Rodney argues that trial counsel was ineffective for failing to investigate or challenge the prosecution's medical evidence at trial, failing to timely object to Monko's medical testimony, failing to use medical records to impeach Monko's medical testimony, and failing to call any medical experts or treating medical providers to testify regarding Monko's injuries. The record reveals that trial counsel failed to timely object to Monko's lay testimony concerning medical diagnoses such as post-traumatic stress disorder, brain damage, severed nerves, fracture, and infection, even though such testimony was likely inadmissible under state law. See Nev. Rev. Stat. §§ 50.265, 50.275. The record also reveals that trial counsel failed to use Monko's medical records for impeachment purposes, failed to call an expert witness to explain the records, and failed to call any treating medical providers, even though Monko's medical records contradict some of Monko's testimony concerning the severity of his injuries. On the present record, we cannot conclude that Rodney's IAC claims are meritless with respect to the deficient-performance prong of the Strickland inquiry.
Determining whether Rodney can demonstrate that trial counsel's alleged deficient performance resulted in prejudice "requires a highly fact- and record-intensive analysis" that we are ill-equipped to conduct in the first instance on appeal. Woods v. Sinclair , 764 F.3d 1109, 1138 (9th Cir. 2014) (quoting Detrich , 740 F.3d at 1262 (Watford, J., concurring)). Because the district court did not allow discovery or hold an evidentiary hearing, the evidence in the district-court record is limited. The severity of Monko's injuries was potentially relevant to elements of several of the charges of which Rodney was convicted. The district-court record contains excerpts of Monko's medical records; however, in arguing whether there is a reasonable probability that the jury's verdict would have been different if not for counsel's alleged deficiencies, both parties refer extensively to additional medical records that were not before the district court. Absent unusual circumstances, "we consider only the district court record on appeal." Lowry v. Barnhart , 329 F.3d 1019, 1024 (9th Cir. 2003). Here, the district-court record is insufficiently developed for us to be able to conclusively evaluate the substantiality of Rodney's IAC claims. Accordingly, remand is required.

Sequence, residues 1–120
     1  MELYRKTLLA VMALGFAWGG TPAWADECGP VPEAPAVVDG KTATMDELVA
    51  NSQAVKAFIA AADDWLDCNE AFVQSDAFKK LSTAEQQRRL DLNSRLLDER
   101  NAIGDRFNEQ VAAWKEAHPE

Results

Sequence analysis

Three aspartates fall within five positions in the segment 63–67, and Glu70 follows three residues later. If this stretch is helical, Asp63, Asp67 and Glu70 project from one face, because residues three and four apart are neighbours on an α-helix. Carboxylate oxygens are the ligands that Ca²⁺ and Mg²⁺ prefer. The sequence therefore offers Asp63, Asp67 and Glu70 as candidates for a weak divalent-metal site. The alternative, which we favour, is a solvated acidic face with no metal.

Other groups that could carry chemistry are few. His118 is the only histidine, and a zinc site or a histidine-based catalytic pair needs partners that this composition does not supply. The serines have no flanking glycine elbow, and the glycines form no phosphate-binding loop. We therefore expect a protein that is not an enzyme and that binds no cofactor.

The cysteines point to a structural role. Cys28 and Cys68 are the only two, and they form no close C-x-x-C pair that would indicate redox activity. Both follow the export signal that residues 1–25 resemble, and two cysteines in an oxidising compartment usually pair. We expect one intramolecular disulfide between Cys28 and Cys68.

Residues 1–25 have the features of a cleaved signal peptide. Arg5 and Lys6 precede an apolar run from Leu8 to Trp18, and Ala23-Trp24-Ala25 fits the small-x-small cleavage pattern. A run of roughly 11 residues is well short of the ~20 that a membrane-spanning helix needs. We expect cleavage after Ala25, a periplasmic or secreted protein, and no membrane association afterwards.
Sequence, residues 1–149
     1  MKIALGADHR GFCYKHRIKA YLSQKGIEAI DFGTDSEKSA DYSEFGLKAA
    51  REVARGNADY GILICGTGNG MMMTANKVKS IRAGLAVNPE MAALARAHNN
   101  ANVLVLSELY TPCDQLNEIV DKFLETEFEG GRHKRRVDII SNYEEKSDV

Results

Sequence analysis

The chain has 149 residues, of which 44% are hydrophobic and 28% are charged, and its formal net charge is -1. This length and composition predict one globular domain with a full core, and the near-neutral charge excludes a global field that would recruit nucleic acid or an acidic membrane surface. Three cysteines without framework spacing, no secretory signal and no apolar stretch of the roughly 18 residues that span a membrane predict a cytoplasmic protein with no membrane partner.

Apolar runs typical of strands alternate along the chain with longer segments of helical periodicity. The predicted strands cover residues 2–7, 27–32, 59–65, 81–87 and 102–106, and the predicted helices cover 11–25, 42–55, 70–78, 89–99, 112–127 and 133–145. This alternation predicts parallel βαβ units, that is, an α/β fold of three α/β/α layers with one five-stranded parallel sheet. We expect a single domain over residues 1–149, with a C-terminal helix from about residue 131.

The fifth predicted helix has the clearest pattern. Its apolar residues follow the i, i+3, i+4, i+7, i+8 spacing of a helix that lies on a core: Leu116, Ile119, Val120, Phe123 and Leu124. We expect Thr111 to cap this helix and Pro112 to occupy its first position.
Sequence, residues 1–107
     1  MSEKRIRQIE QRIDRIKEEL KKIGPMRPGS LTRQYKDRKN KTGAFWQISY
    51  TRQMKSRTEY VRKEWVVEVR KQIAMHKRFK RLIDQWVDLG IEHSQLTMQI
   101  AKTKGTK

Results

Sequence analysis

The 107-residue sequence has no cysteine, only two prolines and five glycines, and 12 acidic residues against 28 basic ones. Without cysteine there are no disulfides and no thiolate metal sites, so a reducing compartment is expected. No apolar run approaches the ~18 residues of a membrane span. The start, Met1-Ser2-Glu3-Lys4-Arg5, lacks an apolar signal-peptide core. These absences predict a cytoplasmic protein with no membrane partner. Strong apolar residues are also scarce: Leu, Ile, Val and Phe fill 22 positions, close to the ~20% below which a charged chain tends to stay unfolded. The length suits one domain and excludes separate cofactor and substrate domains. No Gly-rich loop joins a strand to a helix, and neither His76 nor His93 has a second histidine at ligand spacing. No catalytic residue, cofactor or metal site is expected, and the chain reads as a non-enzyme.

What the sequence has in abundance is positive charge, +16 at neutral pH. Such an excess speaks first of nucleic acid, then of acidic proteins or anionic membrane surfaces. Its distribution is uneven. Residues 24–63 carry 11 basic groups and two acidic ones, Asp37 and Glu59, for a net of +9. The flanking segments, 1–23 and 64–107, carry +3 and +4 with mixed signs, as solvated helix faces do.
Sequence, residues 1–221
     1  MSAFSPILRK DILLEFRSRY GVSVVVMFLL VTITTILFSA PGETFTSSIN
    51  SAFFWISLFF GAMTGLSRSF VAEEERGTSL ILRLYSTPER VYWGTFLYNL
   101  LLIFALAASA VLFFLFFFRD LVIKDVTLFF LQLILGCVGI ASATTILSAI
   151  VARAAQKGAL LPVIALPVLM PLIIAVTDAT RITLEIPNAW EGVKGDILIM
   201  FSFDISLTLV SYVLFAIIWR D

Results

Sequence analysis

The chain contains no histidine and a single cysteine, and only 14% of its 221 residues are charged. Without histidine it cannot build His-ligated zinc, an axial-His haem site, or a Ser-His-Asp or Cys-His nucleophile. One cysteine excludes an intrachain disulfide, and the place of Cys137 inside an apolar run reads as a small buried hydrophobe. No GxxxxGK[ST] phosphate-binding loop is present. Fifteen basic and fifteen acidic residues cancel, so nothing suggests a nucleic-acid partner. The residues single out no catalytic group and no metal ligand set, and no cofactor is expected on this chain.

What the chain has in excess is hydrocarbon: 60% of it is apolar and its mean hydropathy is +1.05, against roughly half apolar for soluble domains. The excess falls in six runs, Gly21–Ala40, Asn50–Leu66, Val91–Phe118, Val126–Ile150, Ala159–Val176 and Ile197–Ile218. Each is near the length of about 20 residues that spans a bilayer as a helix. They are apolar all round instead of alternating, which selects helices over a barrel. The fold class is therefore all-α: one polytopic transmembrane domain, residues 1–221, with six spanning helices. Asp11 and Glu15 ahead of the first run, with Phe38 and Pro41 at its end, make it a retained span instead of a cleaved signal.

For this reason, we deny Rodney's Motion for Leave to Expand Record on Appeal.
On remand, the district court "may take evidence to the extent necessary to determine whether [Rodney's] claim[s] of ineffective assistance of trial counsel [are] substantial under Martinez ." Dickens , 740 F.3d at 1321. Although review under 28 U.S.C. § 2254(d)(1) is limited to the state-court record, that evidentiary limitation—and § 2254(d) itself—"applies only to claims previously ‘adjudicated on the merits in State court proceedings.’ " Dickens , 740 F.3d at 1320 (quoting 28 U.S.C. § 2254(d) ; Cullen v. Pinholster , 563 U.S. 170, 186, 131 S.Ct. 1388, 179 L.Ed.2d 557 (2011) ). Furthermore, § 2254(e)(2) does not bar the district court from holding an evidentiary hearing, because a petitioner seeking to show cause based on a lack of post-conviction counsel is "not asserting a ‘claim’ for relief as that term is used in § 2254(e)(2)." Dickens , 740 F.3d at 1321. Accordingly, the district court may allow discovery upon a showing of good cause under Rule 6 of the Rules Governing § 2254 Cases in the United States District Courts, may hold an evidentiary hearing as warranted, and may consider Monko's medical records and any other evidence relevant to the issue of the substantiality of Rodney's IAC claims. If the district court determines that Rodney's IAC claims are substantial and thus that the procedural default of the claims is excused under Martinez , then AEDPA deference will no longer apply and the claims will be subject to de novo review. Dickens , 740 F.3d at 1321.